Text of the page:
Obama will also reveal new conservation efforts in four areas of the country, including Southwest Florida. And in a move some say is long overdue, the National Park Service will designate as a national historic landmark the Marjory Stoneman Douglas house in Coconut Grove, which several years ago sparked a contentious fight between preservationists and neighbors. The pioneering preservationist is largely credited with sparking Everglades restoration.

In addition to highlighting his environmental record, Obama’s trip is intended to pressure Republicans into a more robust climate-change debate. Voters will elect Obama’s successor in 18 months, and the GOP field so far is teeming with would-be candidates who question whether climate change is man-made, despite significant scientific scholarship concluding that it is largely a result of carbon emissions.

Among those skeptics are U.S. Sen. Marco Rubio and, to a lesser extent, former Gov. Jeb Bush, both of Miami. While Obama is not expected to single out any presidential contender, a trip to Bush’s and Rubio’s backyard will hardly go unnoticed in the early days of the 2016 campaign.

More here.

April 21, 2015

A presidential shout-out for PolitiFact's Obameter

President Barack Obama, sports fan, has continued a tradition of welcoming championship teams to the White House for some presidential props. On April 20, he greeted the Ohio State Buckeyes, who won the 2014 College Football Playoff national championship.

What’s that got to do with politics? Well, back in 2008, Obama pledged to "throw his weight around" to get a playoff system for college football, rather than a system based on computer and human rankings.

"I think any sensible person would say that if you've got a bunch of teams who play throughout the season and many of them have one loss or two losses — there's no clear, decisive winner — that we should be creating a playoff system," he said on 60 Minutes, adding, "I don't know any serious fan of college football who has disagreed with me on this."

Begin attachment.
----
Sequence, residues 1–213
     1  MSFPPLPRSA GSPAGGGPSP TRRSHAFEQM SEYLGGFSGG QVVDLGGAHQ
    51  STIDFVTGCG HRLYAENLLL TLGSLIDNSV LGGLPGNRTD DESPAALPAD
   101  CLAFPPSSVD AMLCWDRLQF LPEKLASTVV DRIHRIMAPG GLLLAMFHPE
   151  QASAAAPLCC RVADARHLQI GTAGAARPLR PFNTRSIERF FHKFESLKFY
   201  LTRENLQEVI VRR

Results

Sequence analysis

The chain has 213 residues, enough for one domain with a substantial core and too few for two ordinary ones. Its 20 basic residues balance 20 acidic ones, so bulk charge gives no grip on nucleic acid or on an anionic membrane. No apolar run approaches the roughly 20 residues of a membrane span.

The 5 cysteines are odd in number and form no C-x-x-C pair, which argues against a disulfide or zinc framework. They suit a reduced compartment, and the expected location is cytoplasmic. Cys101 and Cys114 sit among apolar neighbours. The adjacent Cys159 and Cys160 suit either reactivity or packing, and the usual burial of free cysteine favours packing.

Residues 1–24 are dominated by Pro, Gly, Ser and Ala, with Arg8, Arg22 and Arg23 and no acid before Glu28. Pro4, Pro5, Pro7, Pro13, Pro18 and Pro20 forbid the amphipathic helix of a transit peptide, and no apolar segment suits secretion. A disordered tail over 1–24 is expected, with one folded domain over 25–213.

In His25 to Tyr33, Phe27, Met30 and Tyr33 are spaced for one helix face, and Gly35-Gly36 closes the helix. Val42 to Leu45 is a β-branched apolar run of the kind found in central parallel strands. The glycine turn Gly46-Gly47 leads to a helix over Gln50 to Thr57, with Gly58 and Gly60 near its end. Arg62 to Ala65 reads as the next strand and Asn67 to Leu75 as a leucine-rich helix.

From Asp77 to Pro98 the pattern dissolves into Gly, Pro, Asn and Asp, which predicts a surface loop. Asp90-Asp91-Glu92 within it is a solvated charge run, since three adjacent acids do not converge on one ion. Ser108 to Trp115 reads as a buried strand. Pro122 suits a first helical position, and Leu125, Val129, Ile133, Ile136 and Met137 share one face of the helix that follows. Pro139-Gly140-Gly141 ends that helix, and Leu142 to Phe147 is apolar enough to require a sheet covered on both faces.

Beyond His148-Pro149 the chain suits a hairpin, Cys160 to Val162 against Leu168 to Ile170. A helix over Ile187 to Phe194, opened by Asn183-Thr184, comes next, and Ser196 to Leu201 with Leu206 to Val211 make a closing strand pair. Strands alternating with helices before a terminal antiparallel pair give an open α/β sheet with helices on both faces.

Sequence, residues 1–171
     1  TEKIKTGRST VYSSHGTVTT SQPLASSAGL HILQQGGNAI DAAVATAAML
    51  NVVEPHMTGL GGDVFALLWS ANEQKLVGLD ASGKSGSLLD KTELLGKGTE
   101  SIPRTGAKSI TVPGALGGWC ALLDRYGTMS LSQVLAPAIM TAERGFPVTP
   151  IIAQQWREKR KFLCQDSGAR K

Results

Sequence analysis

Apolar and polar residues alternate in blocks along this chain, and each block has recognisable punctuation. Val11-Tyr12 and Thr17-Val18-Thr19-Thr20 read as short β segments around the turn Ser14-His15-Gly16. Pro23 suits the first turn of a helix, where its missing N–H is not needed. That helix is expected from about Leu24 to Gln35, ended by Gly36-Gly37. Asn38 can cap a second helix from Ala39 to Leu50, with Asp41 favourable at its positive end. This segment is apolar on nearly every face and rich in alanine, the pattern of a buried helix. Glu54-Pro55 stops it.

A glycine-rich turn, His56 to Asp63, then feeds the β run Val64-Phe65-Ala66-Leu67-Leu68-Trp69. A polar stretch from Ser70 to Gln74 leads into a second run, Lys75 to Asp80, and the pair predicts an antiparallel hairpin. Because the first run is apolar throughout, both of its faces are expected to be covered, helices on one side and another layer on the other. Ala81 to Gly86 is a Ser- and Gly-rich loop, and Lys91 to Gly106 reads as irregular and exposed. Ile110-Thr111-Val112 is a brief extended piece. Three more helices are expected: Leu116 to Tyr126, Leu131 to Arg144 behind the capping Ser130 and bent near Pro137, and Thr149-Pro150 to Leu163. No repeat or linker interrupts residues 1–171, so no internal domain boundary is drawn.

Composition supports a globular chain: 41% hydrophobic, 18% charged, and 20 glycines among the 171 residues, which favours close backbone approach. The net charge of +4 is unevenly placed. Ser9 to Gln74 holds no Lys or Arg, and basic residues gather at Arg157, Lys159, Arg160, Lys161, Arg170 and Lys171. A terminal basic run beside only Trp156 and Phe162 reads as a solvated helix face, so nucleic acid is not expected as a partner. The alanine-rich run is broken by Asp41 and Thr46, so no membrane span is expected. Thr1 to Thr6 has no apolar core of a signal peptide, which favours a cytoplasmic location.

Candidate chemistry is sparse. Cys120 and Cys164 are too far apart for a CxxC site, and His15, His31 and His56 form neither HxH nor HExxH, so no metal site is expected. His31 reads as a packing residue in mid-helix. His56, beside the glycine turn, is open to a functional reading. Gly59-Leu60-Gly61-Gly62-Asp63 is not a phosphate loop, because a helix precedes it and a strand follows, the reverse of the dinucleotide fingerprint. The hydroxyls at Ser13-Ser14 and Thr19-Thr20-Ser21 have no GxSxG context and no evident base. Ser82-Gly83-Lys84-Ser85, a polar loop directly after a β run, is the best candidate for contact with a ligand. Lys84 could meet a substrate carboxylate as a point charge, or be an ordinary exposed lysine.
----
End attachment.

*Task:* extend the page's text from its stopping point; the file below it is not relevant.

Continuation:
Granted, this isn’t as weighty a promise as world peace. It’s one of a handful of light-hearted pledges in our database of 500-plus promises. But lo and behold, a college playoff system did come to pass, and Obama did speak up in favor of it. So back in 2012, when plans were made to start a playoff system, we rated his promise asPromise Kept.

See what Obama said about PolitiFact's Obameter here.

April 18, 2015

Obama to visit Everglades to speak about climate change


President Obama will travel Wednesday -- Earth Day -- to the Florida Everglades to speak about the threat of climate change.

In his weekly radio address Saturday, the president said, "there is no greater threat to our planet than climate change."

"And on Earth Day, I’m going to visit the Florida Everglades to talk about the way that climate change threatens our economy," Obama continued. "The Everglades is one of the most special places in our country. But it's also one of the most fragile. Rising sea levels are putting a national treasure -– and an economic engine for the South Florida tourism industry –- at risk."


April 11, 2015

Handshake takes place between Obama, Raúl Castro

via @HeraldMimi @jimwyss

PANAMA CITY -- U.S President Barack Obama and Cuban leader Raúl Castro shared a stage and took part in a gala dinner Friday at the opening of the VII Summit of the Americas, as the formerly hostile nations continued their slow dance toward reconciliation.

While there's still a huge chasm to close for countries that haven’t had diplomatic relations since 1961, the opening ceremony came amid speculation that the two leaders might have a more substantial conversation Saturday and that the communist island might be taken off the U.S. list of state-sponsors of terrorism.

Friday evening, Obama and Castro greeted each other and shook hands, according to the White House.

Ben Rhodes, a deputy National Security adviser and one of the architects of the new Cuba policy, said he expected a more substantial conversation between the two leaders, Saturday. “We certainly do anticipate that they will have the opportunity to see each other at the summit [Saturday] to have a discussion,” he said.

More here.

April 08, 2015

Poll in Cuba: President Obama more popular than Raul and Fidel Castro

via @glenngarvin

President Barack Obama is more popular among Cubans than either of the Castro brothers who have ruled the island for the past five and a half decades, according to a new poll secretly conducted there last month.

Eighty percent of the Cubans polled said they had a “very positive” or “somewhat positive” opinion of Obama, while just 17 percent registered a “very negative” or “somewhat negative” impression.